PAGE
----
News Release
Contacts: Robert T. Tad Perry, Executive Director
Tracy Mercer, Information Research Analyst

T: 605.773.3455
F: 605.773.5320

For Immediate Release 29 June 2000


National Science Foundation Funds Stimulate University Research
Board of Regents Told South Dakota More Competitive


BROOKINGS—South Dakota universities are more successful at winning federal National Science Foundation (NSF) research grants now than they were a decade ago. The NSF supports EPSCoR, the Experimental Program to Stimulate Competitive Research, a program that helps states to develop their competitive research capacity so that they can win more federal grants.

The South Dakota Board of Regents received a status report on EPSCoR at its regular business meeting on the campus of South Dakota State University (SDSU) in Brookings today. Dr. David Benfield, South Dakota EPSCoR project director, told the Regents that the three Ph.D.-granting state universities participating in the program have obtained nearly $30 million in grants and contracts in FY00. South Dakota universities participating in EPSCoR are SDSU, the University of South Dakota, and the South Dakota School of Mines and Technology.

"For years, most federal grant money has been awarded to states with the capacity to conduct the research. With this grant money, these universities have been able to hire top-notch faculty, purchase state-of-the-art equipment, and offer their students greater educational experiences. This has enabled them to get even more grant money," said Regents President Harvey C. Jewett, IV, Aberdeen. "The philosophy of EPSCoR has been to improve the research infrastructure in states that were receiving few NSF grants. This grant money has had a catalytic effect on other grants and contracts that our universities have been able to win. The $1 to $1.5 million in EPSCoR funding spins off into literally millions of dollars in other grants and contracts, just because we have improved the capacity of our universities to conduct the research."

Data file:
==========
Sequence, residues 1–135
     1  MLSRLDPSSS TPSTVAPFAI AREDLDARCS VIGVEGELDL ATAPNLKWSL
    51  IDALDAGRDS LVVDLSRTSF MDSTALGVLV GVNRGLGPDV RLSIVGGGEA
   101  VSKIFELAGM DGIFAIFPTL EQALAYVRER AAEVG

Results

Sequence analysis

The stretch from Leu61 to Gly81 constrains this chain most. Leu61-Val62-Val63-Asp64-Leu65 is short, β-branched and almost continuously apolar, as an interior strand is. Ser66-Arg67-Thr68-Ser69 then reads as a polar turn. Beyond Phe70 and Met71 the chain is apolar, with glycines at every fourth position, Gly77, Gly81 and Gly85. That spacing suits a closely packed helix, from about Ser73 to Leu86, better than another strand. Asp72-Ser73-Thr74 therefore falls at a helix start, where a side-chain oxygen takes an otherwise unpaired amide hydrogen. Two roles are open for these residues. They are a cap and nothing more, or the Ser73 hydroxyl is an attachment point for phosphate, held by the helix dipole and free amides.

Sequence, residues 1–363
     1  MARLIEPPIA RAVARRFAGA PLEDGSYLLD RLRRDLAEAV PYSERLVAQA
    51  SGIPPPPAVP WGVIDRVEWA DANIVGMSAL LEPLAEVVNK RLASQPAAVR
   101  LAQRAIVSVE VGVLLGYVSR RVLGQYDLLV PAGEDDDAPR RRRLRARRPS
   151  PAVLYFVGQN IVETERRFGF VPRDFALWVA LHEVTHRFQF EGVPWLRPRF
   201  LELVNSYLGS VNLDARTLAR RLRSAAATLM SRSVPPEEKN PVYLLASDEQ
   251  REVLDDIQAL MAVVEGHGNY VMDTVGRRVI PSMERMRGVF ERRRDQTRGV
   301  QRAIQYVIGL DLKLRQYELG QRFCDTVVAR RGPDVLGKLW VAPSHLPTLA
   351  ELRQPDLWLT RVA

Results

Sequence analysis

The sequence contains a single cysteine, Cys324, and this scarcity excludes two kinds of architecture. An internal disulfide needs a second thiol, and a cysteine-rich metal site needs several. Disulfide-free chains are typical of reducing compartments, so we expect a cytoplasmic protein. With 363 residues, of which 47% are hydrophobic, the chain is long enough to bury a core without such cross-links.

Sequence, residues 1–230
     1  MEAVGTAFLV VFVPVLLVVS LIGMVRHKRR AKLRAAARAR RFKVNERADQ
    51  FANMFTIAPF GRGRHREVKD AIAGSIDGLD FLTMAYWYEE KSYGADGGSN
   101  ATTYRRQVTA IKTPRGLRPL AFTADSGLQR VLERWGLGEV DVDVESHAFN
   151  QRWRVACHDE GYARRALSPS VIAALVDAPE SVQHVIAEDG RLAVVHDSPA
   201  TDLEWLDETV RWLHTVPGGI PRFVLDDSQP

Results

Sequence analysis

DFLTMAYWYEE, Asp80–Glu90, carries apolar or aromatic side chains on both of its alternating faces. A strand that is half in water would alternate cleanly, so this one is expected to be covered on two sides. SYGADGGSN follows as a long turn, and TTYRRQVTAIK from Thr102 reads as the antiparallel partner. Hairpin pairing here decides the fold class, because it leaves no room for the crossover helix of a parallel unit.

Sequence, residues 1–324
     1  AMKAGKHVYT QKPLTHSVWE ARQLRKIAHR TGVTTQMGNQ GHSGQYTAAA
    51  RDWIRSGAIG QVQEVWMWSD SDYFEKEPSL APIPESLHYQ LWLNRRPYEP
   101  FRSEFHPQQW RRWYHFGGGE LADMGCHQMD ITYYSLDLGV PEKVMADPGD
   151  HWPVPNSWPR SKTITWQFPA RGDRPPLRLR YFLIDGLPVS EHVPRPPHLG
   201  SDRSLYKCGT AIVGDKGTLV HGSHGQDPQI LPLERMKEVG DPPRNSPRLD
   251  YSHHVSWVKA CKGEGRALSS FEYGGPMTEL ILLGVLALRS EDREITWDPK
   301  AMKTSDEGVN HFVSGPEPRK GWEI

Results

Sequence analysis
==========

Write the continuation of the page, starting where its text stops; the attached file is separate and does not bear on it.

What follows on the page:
Benfield told the Regents that when South Dakota joined EPSCoR in 1989 the state was last in the nation in obtaining NSF grants. In six years the state passed four other states in the total amount of NSF funding received. The EPSCoR grants have focused on basic research in support of economies important to South Dakota.

Regent Pat Lebrun said, "University research can drive economic development in a state. Basic research can spin off into new businesses and industries. It was university-based research in California and North Carolina that created those booming high tech economies. Such industries tend to cluster and then reinforce the research environment for all of them. Others can take the result of basic research and apply it. That is what leads to new products for agriculture or new treatments in medicine. This is the reason building research capacity is so important to a state."

Regents Executive Director, Robert T. Tad Perry commended Dr. Benfield for the work done for South Dakota by the EPSCoR scientists. Perry challenged the universities to seek a new level of applications to earn a greater number of grants.

For more information contact, Dr. David Benfield, EPSCoR Project Director, South Dakota State University, (605) 688-6228, or Dr. Robert T. Tad Perry, Executive Director, South Dakota Board of Regents, (605) 773-3455.


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